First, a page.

The available configurations of the new Macbook Pro’s are a little bit weird. One one side you have the new one(with touch bar), that is expensive, but still kind of okay. And then you have the cheaper model without the touch bar that feels very expensive when you look at what you get. The Macbook Pro without the Escape key is very limited, the processor is much slower and you only get two USB-C ports. Now, I think it could become an interesting product in the future if the price goes down.
I think it will be a rough period in front of us, until the world catches up to the USB-C future that Apple has decided to go down. I’m going to miss the SD slot, and I’m going to miss the Magsafe. But I’m also a little bit dissapointed. I really hoped for 32 GB of Ram(I know that the notebook chipsets aren’t there yet) and cheaper SSD storage.
This could be viewed as a remake of the technology focused site I had in various forms from 2009 until early this year when I deleted it, and that site was an extension of the many different blogs and sites I had since I started doing web development in my early teens.
I had two reasons for deleting it:
<li> I had painted myself into a corner where I neither enjoyed what it was or writing for it. </li> <li> My main focus at the time was my <a href="http://inksmudge.net">Pen & Paper Blog</a> </li>
Then I started to feel the need for writing technology again. I think it started about six months ago, and now I think the time is right again. My original plan was to do it on medium, and having it be something I only did when I felt like it. But I posted one thing, and then I removed it 12 hours later because it didn’t feel right.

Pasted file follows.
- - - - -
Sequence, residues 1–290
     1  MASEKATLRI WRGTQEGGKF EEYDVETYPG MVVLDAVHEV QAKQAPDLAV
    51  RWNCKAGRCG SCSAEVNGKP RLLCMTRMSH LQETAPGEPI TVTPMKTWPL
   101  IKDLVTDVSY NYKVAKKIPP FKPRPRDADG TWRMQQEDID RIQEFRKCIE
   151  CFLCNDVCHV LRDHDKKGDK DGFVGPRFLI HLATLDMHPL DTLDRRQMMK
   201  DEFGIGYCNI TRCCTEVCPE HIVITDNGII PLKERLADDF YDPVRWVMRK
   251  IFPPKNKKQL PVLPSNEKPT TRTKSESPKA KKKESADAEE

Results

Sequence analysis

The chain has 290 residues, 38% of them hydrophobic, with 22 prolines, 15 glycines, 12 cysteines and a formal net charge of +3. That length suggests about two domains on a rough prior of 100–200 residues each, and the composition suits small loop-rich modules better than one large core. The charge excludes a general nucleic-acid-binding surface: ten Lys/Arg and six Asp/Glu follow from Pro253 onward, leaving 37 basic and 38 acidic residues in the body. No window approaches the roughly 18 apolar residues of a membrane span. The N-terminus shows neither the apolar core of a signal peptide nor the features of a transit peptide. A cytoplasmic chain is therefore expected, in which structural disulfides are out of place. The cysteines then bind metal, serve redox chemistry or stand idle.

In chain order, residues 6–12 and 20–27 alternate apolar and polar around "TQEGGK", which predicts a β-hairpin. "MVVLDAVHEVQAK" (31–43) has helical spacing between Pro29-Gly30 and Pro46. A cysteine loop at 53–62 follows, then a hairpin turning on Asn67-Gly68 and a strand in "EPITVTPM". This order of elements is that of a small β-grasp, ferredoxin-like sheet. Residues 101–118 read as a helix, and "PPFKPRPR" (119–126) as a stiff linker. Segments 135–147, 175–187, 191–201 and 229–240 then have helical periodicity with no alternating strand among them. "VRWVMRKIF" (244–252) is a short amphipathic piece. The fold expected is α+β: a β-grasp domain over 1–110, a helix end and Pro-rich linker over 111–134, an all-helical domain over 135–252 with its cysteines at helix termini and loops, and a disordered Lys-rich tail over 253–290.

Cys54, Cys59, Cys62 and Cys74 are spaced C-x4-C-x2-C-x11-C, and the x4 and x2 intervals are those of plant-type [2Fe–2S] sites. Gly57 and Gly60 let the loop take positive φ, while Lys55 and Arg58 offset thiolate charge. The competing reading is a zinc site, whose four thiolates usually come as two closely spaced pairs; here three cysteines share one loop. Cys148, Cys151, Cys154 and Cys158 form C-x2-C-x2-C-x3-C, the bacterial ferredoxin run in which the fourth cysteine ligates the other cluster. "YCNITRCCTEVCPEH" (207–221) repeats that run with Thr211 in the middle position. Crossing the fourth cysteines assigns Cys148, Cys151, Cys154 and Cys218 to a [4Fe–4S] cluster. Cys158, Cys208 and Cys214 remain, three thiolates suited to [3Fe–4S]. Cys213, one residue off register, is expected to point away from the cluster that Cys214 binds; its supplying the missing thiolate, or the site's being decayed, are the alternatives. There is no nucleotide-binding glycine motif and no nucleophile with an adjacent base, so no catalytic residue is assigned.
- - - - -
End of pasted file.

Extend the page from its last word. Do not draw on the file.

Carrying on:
I looked at various places to start a blog, but I decided to go for a simple staticky generated web page, powered by a simple Swift Console Application I wrote yesterday. It is very bare bones at the moment, and I plan to work on it and maybe open source it at some point.
I’m not sure how often or how much I’ll write. But it will at least be some.
Patrick Rhone have been publishing lists of the book he have completed during the last calendar year for a while now. And I always think: fuck, I want to do that, every single time. This year I actually did it.
Below is the list. I have grouped them by author simply because I read a lot.
Stephen King is one of my absolute favourite authors. He is one of the authors where I just pick up something random that I haven’t read before when browsing my local book store or Audible.
And I often re-read or re-listen his books, when I don’t have anything else to read or listen to.
On Writing. One of my aboslute favourite “writing” books, and I try to re-read or re-listen to this one once a year. A fantastic read, even for non writer, the autobigoraphical part of the book is fantastic.
It. I first got the audiobook early this year, then I got the paperback when I was in England in May. It is one fantastic book. This is one of the books that would make a fantastic move, if given the proper budget and number of movies / hours.